|Student Loan A||-0.37||Investments||10,866.05|
|Student Loan B||-5500||Cash||7,946.52|
|Student Loan C||-5500|
Now until the end of 2016
Currently I’m just planning on holding my current stock market positions as well as paying down 11K worth of my student loans in a big lump sum. I am going to finally start my “opportunity” fund by purchasing a $5,000 savings bond from the government. I’ll probably talk more about these two things in detail in a later post. Right now, I just talk about the big picture of what I plan to do.
If everything goes as planned
By the end of 2016, I’ll not only be out of debt, but I’ll also have a healthy opportunity fund of 5,000 saved up. An opportunity fund is my version of an “emergency” fund. I just call it an opportunity fund because I whenever I have an emergency, the fund will give me the opportunity to not get screwed financially by going into credit card debt. It’s also there to help me make the most of any future opportunity that comes by. Lets say the market crashes again like it did in 2008, the opportunity fund is there to purchase stocks while they are dirt cheap. Essentially, the $5,000 savings is going to be my secret weapon to either mitigate unfortunate occurrences or magnify fortunate events.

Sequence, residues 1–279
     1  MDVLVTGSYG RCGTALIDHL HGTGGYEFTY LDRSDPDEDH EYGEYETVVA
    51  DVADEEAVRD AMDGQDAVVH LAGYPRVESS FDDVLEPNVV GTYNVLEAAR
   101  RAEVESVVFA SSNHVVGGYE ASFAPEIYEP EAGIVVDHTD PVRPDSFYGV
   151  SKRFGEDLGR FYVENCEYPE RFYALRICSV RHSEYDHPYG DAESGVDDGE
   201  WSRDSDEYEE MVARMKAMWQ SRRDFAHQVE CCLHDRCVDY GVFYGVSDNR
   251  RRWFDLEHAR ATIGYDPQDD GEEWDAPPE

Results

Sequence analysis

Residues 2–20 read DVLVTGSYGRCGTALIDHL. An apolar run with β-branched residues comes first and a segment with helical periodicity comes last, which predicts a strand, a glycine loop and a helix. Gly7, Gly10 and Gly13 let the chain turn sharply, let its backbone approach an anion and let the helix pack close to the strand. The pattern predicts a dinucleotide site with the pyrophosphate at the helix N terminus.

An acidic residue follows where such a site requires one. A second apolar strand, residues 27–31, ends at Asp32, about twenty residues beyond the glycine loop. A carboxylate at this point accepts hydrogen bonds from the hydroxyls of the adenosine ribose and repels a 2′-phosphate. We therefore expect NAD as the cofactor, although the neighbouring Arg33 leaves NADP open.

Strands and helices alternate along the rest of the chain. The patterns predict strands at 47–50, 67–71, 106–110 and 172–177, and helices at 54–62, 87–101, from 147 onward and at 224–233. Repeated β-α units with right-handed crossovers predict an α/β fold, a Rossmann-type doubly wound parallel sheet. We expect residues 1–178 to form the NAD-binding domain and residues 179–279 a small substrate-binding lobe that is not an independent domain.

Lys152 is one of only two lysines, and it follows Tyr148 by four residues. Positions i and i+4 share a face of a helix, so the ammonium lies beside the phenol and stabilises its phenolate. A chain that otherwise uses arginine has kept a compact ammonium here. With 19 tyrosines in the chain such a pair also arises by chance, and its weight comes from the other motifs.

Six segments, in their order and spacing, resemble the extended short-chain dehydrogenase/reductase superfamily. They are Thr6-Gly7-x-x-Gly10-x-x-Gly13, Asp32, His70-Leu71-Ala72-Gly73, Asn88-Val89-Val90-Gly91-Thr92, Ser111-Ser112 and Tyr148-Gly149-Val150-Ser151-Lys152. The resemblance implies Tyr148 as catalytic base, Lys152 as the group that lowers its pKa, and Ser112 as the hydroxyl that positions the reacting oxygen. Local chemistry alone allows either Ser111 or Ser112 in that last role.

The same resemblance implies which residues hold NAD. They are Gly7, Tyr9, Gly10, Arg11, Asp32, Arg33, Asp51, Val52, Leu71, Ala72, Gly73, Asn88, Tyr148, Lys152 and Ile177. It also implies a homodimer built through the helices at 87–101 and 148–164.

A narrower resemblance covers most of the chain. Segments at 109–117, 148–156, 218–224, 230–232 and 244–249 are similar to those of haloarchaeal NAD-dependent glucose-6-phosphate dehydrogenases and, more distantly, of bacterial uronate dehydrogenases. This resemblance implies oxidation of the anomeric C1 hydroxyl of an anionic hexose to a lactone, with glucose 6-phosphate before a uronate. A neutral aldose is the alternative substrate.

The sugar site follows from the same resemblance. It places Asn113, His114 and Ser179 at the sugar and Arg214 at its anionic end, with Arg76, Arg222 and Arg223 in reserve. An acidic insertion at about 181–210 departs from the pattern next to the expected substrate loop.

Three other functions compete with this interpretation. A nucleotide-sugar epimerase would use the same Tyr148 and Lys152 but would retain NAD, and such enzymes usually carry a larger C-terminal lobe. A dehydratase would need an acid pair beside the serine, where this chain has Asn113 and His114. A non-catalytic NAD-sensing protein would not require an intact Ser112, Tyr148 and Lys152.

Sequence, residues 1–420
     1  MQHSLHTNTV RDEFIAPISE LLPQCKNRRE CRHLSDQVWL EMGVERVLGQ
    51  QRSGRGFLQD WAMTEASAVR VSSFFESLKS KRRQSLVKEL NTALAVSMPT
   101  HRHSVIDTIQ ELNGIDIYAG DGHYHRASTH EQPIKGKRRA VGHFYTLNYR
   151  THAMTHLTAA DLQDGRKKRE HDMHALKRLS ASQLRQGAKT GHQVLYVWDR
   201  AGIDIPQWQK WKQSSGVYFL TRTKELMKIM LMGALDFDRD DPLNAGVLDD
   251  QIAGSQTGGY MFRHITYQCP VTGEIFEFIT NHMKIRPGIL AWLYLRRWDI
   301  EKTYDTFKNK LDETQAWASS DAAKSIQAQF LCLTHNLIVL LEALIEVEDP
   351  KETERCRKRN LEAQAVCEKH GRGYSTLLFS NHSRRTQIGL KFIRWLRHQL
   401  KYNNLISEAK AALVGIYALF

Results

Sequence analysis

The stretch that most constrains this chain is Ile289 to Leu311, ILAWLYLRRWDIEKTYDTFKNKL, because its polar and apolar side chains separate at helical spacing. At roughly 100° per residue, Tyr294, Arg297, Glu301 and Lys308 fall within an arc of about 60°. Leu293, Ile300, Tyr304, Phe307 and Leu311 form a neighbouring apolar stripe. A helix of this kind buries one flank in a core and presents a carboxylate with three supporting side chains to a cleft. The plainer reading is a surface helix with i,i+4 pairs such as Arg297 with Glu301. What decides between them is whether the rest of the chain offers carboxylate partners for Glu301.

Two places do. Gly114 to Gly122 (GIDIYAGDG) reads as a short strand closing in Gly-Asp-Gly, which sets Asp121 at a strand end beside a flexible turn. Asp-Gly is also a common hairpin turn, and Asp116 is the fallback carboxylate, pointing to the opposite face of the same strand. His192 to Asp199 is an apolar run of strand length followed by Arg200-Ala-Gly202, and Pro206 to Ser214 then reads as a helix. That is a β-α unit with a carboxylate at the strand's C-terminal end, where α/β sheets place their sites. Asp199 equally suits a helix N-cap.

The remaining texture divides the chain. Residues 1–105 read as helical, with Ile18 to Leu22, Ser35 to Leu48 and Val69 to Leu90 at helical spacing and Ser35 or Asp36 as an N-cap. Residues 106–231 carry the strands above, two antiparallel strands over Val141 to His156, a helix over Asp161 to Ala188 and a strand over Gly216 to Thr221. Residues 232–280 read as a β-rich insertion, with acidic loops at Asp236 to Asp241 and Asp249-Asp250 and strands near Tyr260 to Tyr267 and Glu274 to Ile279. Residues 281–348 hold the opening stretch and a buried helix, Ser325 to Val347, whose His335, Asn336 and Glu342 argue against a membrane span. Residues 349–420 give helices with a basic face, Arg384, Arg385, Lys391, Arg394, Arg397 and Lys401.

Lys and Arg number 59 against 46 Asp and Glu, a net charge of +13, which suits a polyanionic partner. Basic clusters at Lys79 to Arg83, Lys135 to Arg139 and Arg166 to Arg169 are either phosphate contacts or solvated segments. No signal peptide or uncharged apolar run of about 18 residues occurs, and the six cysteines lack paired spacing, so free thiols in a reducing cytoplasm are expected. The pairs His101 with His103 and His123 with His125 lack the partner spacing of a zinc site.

2017 and onward
After the new year comes to pass, the first thing I’m going to do is fully contribute $5,500 to my Roth IRA. I already have one at Schwab, but I want to do something different this time around.
Come January, I’m going to make an account with LendingClub and start peer to peer lending. Basically, what this means is that I will loan people money, and then they will (hopefully) pay me back plus interest. All of the loans will be administered automatically through LendingClub, while I sit back and watch my account grow (assuming people don’t default on my loans).
Crowdfunding Real Estate
I may start looking into crowdfunding real estate. Unfortunately, most of the websites up require you to be an “accredited investor” to invest. Essentially the websites are telling you to go away unless you have a net-worth of 1 million dollars, or make over 200K a year. The main reason I wanted to look into crowdfunding real estate over REITs was because you may get some tax advantages, (as you own a small part of a real property through crowdfunding).
Other than that, I’ll be on the lookout for creative investment options. If I can’t find anything worthwhile, I’ll probably go back and add to my stock portfolio diversifying across a bunch of sectors.